[35] The uncertainties in observations, particularly evaporation estimation from remote sensing data, may contribute to the unrealistic storage change and further decrease the performance of the extended seasonal Budyko model. The observed storage changes are up to 800 mm in a few watersheds as shown in Figure 7 and this may be unrealistic. To evaluate the impacts of evaporation data uncertainty on the results, 158 watersheds from the total 277 watersheds discussed by Wang and Alimohammadi [2012], where the difference of long-term average annual evaporation between remote sensing-based and water balance-based estimation is within ±10%, are selected for further investigation. The magnitude of observed annual storage changes in the 158 watersheds decreases significantly and the storage change values range from −400 mm to 400 mm. The average value of CE over the 277 watersheds is 0.958 for wet seasons and 0.878 for dry seasons (Figure 4). The average value of CE over the 158 watersheds increases to 0.968 for wet seasons and 0.882 for dry seasons. It indicates that the impact of the evaporation data uncertainty is not very significant on the seasonal model performance.

3.3. Physically Based Processes Versus Coevolution

[36] The Budyko hypothesis on mean annual water balance results from the coevolution of watershed vegetation, soil, and geomorphology with climate [Gentine et al., 2012; Troch et al., 2013; Wang and Wu, 2013]. As demonstrated in Figure 8, the strength of coevolution (Darwinian view) will become weaker with reducing time scales, and physical processes-based models (Newtonian view) for evaporation will take over at the small time scale (e.g., daily). Harman and Troch [2013] review the success of Darwinian method in hydrologic science and call for synthesis of the Darwinian and Newtonian approaches as a remaining goal. Great progresses are expected if the Newtonian approach can be reconciled with the Darwinian view [Sivapalan, 2005; Troch et al., 2013]. One purpose of this work is to assess the strength of coevolution view, presented by Budyko framework, on modeling evaporation at the shorter time scale. Figure 9 shows the monthly evaporation ratio versus monthly aridity index for the four watersheds shown in Figure 2. From seasonal to monthly scale, CE values decrease from 0.98 to 0.90 (wet) and 0.97 to 0.84 (dry) for Rocky River watershed, from 0.98 to 0.64 (wet) and 0.95 to 0.46 (dry) for Auglaize River watershed. CE values for Oostanaula River watershed decrease from 0.99 to 0.92 at all the wet months; particularly CE values for Clear Fork Brazos River decrease from 0.68 to −2.09 for all the dry months. The performance of the extended Turc-Pike equation declines significantly from seasonal to monthly scales. Therefore, the strength of Darwinian approach for modeling evaporation may be not compelling at the monthly scale.

Figure 8.

Strength of the Newtonian view and the Darwinian method on modeling evaporation at varying time scale.

Figure 9.

Monthly evaporation ratio versus monthly aridity index and the fitted Turc-Pike lines for (a) the Rocky River watershed, (b) the Auglaize River watershed, (c) the Oostanaula River watershed, and (d) the Clear Fork Brazos River watershed.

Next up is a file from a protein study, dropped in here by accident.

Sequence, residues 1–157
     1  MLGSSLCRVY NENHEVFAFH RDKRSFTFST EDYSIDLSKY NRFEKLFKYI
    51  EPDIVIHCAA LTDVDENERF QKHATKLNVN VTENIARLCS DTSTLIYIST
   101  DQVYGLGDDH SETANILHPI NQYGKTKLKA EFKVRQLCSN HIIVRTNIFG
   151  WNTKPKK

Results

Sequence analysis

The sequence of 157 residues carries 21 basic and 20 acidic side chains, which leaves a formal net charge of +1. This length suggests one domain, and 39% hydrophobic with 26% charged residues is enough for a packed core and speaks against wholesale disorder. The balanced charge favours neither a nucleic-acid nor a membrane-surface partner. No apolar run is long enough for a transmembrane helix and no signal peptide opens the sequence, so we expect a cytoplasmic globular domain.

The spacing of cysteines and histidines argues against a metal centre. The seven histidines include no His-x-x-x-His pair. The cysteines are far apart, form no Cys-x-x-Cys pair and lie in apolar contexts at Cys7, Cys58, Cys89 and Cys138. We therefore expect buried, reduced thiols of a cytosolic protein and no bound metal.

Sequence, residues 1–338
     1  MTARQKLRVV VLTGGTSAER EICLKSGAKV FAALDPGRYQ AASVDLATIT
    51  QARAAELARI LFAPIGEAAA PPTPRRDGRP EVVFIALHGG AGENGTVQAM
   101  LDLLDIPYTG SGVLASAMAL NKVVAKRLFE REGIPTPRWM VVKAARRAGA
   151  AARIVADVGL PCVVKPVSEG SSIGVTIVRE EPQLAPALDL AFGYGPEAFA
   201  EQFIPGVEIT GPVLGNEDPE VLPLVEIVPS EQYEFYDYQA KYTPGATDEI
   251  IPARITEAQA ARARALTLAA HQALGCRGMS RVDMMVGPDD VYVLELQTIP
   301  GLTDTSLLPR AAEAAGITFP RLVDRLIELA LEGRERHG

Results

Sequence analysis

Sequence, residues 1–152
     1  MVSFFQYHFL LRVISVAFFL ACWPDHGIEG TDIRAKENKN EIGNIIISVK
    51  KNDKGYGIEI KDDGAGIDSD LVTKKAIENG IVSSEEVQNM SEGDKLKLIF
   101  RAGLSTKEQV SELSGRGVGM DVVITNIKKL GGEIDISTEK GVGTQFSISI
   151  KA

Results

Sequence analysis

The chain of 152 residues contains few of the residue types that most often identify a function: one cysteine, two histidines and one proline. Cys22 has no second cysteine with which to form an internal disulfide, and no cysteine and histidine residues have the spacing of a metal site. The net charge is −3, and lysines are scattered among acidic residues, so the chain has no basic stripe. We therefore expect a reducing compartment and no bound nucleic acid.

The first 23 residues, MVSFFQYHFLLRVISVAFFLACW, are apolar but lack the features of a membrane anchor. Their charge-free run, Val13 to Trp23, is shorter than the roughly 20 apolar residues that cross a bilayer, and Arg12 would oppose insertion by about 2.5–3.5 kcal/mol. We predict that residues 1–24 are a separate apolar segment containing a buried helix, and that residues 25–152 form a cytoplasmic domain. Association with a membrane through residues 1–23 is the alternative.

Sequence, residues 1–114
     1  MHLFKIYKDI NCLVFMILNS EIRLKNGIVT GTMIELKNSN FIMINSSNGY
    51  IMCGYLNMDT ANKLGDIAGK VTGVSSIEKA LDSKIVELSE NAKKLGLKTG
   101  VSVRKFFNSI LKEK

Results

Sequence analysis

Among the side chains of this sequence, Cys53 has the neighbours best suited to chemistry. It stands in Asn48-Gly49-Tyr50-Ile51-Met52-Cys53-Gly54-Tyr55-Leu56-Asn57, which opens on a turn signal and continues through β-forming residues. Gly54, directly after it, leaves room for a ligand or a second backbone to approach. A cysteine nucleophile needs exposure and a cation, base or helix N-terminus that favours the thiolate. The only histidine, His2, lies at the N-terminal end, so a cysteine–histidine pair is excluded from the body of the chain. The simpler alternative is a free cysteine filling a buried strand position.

4. Summary and Future Work

[37] Rainfall partitions from long-term to interannual and to seasonal scales are important research issues in the hydrologic sciences community. Climate is the first-order control on mean water balance at the annual scale, and vegetation and the interaction between climate seasonality and soil water storage change have also been found to play important roles. At the seasonal scale, the effects of storminess, infiltration capacity, and topography emerge, and soil water storage becomes more significant. Following the Budyko hypothesis, a new seasonal aridity index is defined as the ratio of potential evaporation depth to effective precipitation depth, which accounts for the storage changes in water supply. Similarly, a new evaporation ratio is defined as the ratio of evaporation depth to effective precipitation depth. A modified Budyko-type model is proposed to model the interannual variability of the seasonal evaporation ratio as a function of the seasonal aridity index. The seasonal values are aggregated to quantify the interannual variability of evaporation and storage changes. Rainfall seasonality and seasonal soil water storage dynamics are incorporated into the developed seasonal model directly, which facilitates the understanding of the dominant controlling factors on water balance from mean annual to seasonal scales.

[38] The performance of the seasonal water balance model is evaluated using data from 277 watersheds, where daily rainfall, runoff, and both remote-sensing based evaporation and monthly potential evaporation data are available. Based on the long-term mean monthly aridity index, wet and dry seasons are identified for each watershed. A Turc-Pike equation with a horizontal shift is fitted to the observed seasonal evaporation ratio versus the seasonal aridity index. The seasonal model works well, and the performance in wet seasons is better than that in dry seasons. Once the seasonal parameters are determined, the seasonal model can be applied to estimate long-term seasonal evaporation and storage changes if rainfall, potential evaporation, and runoff observations are available. If runoff observations are not available, an additional equation describing the dependence of runoff on soil water storage is needed to capture the seasonal hydrologic dynamics. Therefore, future work will develop seasonal runoff equations to complete the water balance closure at the seasonal scale.

[39] Physical controls of climate, rainfall characteristics, soil, vegetation, and topography on mean annual and interannual water balance have been studied in the past decades. The individual factor may have different effects in dry and wet seasons. In this paper, strong correlation between vegetation and dry season parameters has been found but correlation between vegetation and wet season parameters is weak. Future work will focus on the controls of other factors on seasonal evaporation and storage changes.

Acknowledgments

[40] This research was funded in part under Award NA10OAR4170079 from Florida Sea Grant and Award NA10NOS4780146 from the National Oceanic and Atmospheric Administration (NOAA) Center for Sponsored Coastal Ocean Research (CSCOR). The authors are grateful to the insightful comments, which led to improvement of this manuscript, by three anonymous reviewers and the Associate Editor.